If one would wave a magic wand to resolve the obstacles and satisfy the preconditions, the resulting vision would lead to a rosy picture: one where open is the default and access is frictionless; where collaboration cuts across institutional and disciplinary boundaries, organizational silos and policy areas; where citizens, governments, companies, researchers and students work hand in hand to make research and society better; where diversity and inclusion make open science a truly global endeavor and lead to greater understanding and learning. In this ideal state, librarians have all necessary skills – both soft and hard – and they cooperate with everyone in the research lifecycle. They walk in the shoes of researchers and in those of citizens, with empathy. With all these skills in place, The Library is the best place to go to.

The need for culture change

The discussions yielded a long list of problems to a more open future. There was much overlap across the seven discussion sessions. The following five broad categories encompass the obstacles that received most votes during the polling exercise:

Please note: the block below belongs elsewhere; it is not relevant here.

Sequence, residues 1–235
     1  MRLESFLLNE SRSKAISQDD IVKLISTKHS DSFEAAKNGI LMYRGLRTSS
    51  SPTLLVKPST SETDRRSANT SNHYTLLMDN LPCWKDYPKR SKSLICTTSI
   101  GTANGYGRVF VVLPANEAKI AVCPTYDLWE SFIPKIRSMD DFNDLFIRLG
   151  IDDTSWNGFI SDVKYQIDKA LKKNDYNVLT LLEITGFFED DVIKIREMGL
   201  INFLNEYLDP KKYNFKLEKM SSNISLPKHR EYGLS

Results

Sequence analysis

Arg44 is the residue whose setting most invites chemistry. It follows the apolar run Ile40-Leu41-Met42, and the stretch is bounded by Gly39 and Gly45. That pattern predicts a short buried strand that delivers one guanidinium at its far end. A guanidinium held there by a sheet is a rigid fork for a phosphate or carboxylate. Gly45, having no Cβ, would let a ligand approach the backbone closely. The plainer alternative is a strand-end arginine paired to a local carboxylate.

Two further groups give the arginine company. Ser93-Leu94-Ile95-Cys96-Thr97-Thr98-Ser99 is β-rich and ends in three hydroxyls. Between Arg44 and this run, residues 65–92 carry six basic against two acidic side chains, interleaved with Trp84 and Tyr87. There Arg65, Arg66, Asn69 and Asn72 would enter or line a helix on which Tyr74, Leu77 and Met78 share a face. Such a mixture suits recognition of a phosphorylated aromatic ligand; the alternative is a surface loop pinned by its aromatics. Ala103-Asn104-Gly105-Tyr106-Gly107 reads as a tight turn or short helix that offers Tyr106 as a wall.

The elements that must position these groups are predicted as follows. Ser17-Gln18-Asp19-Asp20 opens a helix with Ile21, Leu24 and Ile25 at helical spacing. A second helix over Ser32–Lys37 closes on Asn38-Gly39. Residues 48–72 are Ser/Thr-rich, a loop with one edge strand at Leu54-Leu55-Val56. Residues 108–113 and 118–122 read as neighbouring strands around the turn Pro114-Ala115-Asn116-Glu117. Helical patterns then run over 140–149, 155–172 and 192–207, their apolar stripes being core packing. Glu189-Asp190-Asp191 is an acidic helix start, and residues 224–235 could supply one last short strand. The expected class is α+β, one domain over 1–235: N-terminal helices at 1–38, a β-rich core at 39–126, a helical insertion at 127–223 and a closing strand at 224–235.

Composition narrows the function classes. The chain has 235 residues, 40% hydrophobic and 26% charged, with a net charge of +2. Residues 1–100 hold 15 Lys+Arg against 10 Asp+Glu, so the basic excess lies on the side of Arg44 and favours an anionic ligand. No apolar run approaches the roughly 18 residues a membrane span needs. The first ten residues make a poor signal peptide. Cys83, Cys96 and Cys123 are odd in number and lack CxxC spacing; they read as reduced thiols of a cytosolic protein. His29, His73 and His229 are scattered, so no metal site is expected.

1. Culture change is necessary

Culture change is necessary because of ingrained attitudes that inhibit the adoption of open science, such as the tendency towards risk-avoidance by librarians and the lack of responsiveness by senior researchers and administrators on campus. Culture change was most often mentioned in relation to the lack of collaboration, engagement, and common ground between librarians and researchers, the silos on campus and the different perspectives of different stakeholders on “Open”. It was also seen as necessary for change in a larger sense: the need to internalize the principles of openness as second nature in life and society.

Although mentioned as an obstacle alongside the other 4 categories, culture change really encompasses them all and is the precondition for the success of changes in the other categories.

  1. Inadequate rewards and incentives

Recurring themes in this category were: the evaluation of researchers and institutions, the funding of research, the metrics and rewards system, the competitive nature of the rewards system (in which competition trumps ethics) and the lack of recognition, incentives or rewards for “doing Open”. The latter was deplored in particular and listed as a problem in the session on Metrics & Rewards: “Many open science activities don’t directly result in articles (e.g., open methods, open infrastructure, open data) – other stuff also matters but is not measured/supported and based on unpaid and unrecognized”.

  1. Lack of researcher awareness and involvement